A Special Friendship: Six decades of Sino-Uganda shared Prosperity.

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By Shemei Ndawula.

When the sun sets on the gentle hill of Naguru, the building is crowned with the golden hue of the sun’s rays reflecting off its glass windows showered in a golden kaleidoscope ambiance. This is the image of the China-Uganda Friendship Hospital, Naguru which; as it is aptly named, an everlasting monument of the special friendship the nation shares with the People’s Republic of China. This friendship dates back to 8th October 1962 when the Chinese Republic sent a congratulatory message to the excited citizenry of Uganda on the eve of the night, they would shake off the embarrassing shackles of colonialism. This friendship was cemented on 18th October of the same year when representatives from Uganda and China released a joint communique establishing official diplomatic relations and China became one of the first world powers to establish a mission in Kampala and recognize Uganda as an independent sovereign nation. This is what set the precedence for the glorious brotherhood the two nations have had for close to six decades.

Globally, the People’s Republic of China is an unprecedented success story having developed from a third world country to a word economic superpower. This makes the Chinese module for domestic development a yardstick for African governments especially Uganda. Uganda is especially blessed to not only be able to learn from the PRC but also get developmental aid from China though various Sino-Uganda projects implemented through the years. Arguably one of the main spurs for China’s high-speed development is it’s increased infrastructural capacity. A nation’s economy is as strong as it’s capacity to produce and over the years China has upheld it’s commitment to help Uganda develop by contributing to Ugandan’s infrastructural development. The deputy premier of China, Wang Yang, was in Uganda in June 2018 to officiate at the commissioning of the 51-kilometer expressway from Kampala to Entebbe Airport commonly referred to as the Entebbe Expressway. This road was the crown jewel of a growing list of world-class roads being built by Chinese Communications Construction Company in Uganda. This road with dual carriageways and toll stations has drastically reduced the transit time from Kampala city to Entebbe airport which has enabled exporters of many perishables like vegetables and meat products to transport their goods faster and more conveniently increasing their market life and the prices they fetch on the international market. Interestingly many of these goods are actually exported to China which has a worldwide repute as an insatiable consumer of local delicacies like fish and vegetables. In the same vein Chinese companies are at the forefront of constructing and expanding the road network in the oil laden areas of Hoima and Western Uganda and which gives Uganda a chance to proceed with it’s oil exploration conquests in hope of diversifying the economy.

But in the perspective of the average Ugandan, the defining future of the Sino-Uganda relationship which makes it particularly special is the Chinese government’s renown principal of non-intervention. Coming from a painful colonial past, Ugandans are quite understandably suspicious of foreigners who come in the guise of friendship and end up trying to influence domestic and foreign policy, abusing the good spirit of African traditional hospitality. This is why the People’s Republic of China comes as a breath of fresh air, a break away from the neocolonial impertinence that is associated with most modern foreign aid. Chinese direct finance into the Ugandan economy grew from around $33 million a year in the early 2000s, to grossing about $197 million by 2017 according to statistics from AidData. This helps spur the national economic development especially since Chinese investment is mostly focused on manufacturing and mineral exploration. An outstanding example of this is the Chinese company in Central Uganda which produces and assembles Ugandan’s first domestically assembled smartphones under the brand SIMI. This provides jobs to so many Ugandans along the assembly and marketing lines and also provides affordable, durable and efficient smartphones made particularly for the African environment.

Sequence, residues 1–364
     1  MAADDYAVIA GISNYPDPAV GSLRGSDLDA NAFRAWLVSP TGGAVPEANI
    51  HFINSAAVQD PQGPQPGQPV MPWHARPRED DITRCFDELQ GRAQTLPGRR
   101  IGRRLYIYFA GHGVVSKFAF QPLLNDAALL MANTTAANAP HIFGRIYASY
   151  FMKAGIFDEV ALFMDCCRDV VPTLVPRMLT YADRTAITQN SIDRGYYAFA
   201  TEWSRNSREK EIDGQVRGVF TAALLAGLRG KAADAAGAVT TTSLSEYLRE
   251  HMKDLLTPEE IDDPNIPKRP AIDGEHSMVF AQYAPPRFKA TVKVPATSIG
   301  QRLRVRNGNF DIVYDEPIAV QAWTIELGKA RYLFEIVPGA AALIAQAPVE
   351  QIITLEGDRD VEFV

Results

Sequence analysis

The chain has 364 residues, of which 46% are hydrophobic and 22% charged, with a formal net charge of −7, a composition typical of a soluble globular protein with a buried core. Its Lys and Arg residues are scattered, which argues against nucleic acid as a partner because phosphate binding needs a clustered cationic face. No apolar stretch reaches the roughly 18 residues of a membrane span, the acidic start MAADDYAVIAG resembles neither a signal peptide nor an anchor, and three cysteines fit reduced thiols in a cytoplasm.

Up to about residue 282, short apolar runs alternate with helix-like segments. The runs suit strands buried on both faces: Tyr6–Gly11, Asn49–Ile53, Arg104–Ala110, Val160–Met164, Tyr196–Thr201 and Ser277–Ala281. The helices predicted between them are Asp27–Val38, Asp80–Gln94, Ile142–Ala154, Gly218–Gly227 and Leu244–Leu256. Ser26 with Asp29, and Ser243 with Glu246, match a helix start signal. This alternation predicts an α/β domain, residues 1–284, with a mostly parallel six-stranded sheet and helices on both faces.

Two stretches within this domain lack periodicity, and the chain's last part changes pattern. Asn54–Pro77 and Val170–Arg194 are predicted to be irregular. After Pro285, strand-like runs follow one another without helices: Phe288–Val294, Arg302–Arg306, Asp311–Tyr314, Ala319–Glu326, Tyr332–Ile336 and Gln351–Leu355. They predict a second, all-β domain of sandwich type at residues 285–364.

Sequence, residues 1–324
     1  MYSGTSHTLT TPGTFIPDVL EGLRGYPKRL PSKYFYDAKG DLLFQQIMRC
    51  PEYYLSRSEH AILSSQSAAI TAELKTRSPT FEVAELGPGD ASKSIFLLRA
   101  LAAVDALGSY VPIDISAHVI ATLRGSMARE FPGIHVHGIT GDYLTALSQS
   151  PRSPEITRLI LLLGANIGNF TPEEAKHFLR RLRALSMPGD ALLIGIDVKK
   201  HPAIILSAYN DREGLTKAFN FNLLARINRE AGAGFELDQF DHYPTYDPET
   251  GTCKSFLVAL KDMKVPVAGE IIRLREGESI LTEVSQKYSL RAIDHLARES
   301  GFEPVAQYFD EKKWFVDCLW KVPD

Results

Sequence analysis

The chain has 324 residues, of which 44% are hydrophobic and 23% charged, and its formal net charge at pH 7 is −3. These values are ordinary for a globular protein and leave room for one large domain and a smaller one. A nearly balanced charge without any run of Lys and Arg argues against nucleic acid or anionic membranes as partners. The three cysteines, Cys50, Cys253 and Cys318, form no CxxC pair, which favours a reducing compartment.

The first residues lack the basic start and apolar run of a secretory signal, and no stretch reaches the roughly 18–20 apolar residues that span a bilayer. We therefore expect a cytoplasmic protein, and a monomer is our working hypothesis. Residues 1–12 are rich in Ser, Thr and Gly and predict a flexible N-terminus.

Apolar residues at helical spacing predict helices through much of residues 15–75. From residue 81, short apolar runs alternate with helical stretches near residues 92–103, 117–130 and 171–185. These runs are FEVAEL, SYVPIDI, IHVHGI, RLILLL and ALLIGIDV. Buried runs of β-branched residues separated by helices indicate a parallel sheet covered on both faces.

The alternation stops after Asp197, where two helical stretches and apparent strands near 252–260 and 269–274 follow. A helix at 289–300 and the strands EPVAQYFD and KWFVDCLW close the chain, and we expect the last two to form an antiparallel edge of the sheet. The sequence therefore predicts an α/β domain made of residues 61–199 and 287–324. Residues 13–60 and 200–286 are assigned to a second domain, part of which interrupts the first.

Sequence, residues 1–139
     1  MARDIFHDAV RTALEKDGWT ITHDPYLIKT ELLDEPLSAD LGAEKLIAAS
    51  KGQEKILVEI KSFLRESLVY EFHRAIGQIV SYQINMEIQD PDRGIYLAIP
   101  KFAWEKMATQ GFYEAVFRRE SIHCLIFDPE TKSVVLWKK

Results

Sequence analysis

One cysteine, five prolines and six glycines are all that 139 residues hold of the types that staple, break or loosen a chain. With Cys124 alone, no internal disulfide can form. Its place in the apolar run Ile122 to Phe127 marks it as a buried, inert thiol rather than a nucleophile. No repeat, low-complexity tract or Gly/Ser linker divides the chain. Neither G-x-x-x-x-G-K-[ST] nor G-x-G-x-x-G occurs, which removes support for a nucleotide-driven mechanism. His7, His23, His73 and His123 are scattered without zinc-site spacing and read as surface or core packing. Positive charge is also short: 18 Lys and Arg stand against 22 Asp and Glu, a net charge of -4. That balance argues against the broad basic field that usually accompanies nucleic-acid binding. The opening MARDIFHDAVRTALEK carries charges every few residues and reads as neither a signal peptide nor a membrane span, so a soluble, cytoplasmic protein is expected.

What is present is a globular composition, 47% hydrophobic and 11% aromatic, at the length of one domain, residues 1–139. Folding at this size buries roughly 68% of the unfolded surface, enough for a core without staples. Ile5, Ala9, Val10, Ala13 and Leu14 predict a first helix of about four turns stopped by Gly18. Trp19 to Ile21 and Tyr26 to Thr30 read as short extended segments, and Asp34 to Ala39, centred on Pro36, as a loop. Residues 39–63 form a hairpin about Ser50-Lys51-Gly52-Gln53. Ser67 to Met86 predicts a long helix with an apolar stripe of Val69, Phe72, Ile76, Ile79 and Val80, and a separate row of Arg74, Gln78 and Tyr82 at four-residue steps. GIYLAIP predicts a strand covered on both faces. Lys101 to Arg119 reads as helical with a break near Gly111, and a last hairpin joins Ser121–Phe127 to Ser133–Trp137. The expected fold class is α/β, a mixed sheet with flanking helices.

The Sino-Ugandan relationship that was initiated back on 8th October 1962 has stood the test of time outliving so many heads of state and persisting through turbulent times in both nation’s histories. Uganda was a very outspoken ally of China back in 1971 advocating for China to be reinstated in it’s rightful place as a member of the United Nations. Similarly, the Chinese government has stood fully behind the people of Uganda in times of crisis and most notably during the recent coronavirus pandemic where the Chinese government donated food items and medical equipment to be used in mitigating the spread and impact of the pandemic. Most recently the People’s Republic of China was the very first nation to donate Coronavirus Vaccines to Uganda which benefitted quite a number of Ugandan’s of Chinese origin as well as members of the general public.

Arguably, very few of the dignitaries who received the congratulatory message from Beijing may still be alive today, however, the spirit of unwavering friendship and mutual respect which was established on that day persists to date, a special friendship reflected every evening in the golden sun rays embracing the China-Uganda Friendship Hospital building in Naguru, an image of a Panda and Crested Crane walking hand in hand into the horizon of a future if shared prosperity.

The writer is a research fellow at Development Watch Centre, a Ugandan-based foreign policy think tank



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